Oleoylethanolamide (OEA) is an endogenous lipid mediator that inhibits feeding in
rats and mice by activating the nuclear receptor peroxisome proliferator-activated
receptor-alpha (PPAR-alpha). In rodents, intestinal OEA levels increase about threefold
upon refeeding, a response that may contribute to the induction of between-meal satiety.
Here, we examined whether feeding-induced OEA mobilization also occurs in Burmese
pythons (Python molurus), a species of ambush-hunting snakes that consume huge meals
after months of fasting and undergo massive feeding-dependent changes in gastrointestinal
hormonal release and gut morphology. Using liquid chromatography/mass spectrometry
(LC/MS), we measured OEA levels in the gastrointestinal tract of fasted (28 days)
and fed (48 h after feeding) pythons. We observed a nearly 300-fold increase in OEA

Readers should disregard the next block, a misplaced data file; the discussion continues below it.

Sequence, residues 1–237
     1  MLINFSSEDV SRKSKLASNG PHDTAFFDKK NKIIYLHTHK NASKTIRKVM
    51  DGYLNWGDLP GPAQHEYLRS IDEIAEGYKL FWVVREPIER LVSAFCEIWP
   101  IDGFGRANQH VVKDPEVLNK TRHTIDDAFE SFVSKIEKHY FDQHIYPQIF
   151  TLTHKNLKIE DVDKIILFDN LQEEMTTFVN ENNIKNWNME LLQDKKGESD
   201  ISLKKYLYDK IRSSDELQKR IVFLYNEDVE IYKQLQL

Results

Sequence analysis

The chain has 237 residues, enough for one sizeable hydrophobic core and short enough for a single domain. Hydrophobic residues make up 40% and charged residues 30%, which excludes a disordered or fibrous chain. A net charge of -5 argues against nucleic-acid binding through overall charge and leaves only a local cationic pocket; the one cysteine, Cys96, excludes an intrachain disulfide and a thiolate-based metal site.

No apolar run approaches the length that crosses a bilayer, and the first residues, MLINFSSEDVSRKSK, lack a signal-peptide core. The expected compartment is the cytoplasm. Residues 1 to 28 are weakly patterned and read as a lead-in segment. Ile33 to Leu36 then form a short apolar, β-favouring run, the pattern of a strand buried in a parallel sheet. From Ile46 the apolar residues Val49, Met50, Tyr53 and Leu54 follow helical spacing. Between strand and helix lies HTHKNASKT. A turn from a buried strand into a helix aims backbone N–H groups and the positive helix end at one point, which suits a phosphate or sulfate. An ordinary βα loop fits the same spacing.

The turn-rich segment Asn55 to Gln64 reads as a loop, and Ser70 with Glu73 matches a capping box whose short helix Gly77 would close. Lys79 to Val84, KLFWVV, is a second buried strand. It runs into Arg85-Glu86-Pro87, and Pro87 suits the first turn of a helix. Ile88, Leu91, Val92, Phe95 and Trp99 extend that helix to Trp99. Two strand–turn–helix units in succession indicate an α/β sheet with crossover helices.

levels in the small intestine of fed compared with fasted animals (322 +/- 121 vs.
1 +/- 1 pmol/mg protein, n = 3-4). In situ OEA biosynthesis was suggested by the concomitant
increase of N-acyl phosphatidylethanolamine species that serve as potential biosynthetic
precursors for OEA. Furthermore, we observed a concomitant increase in saturated,
mono- and diunsaturated, but not polyunsaturated fatty-acid ethanolamides (FAE) in
the small intestine of fed pythons. The identification of OEA and other FAEs in the
gastrointestinal tract of Python molurus suggests that this class of lipid messengers
may be widespread among vertebrate groups and may represent an evolutionarily ancient
means of regulating energy intake.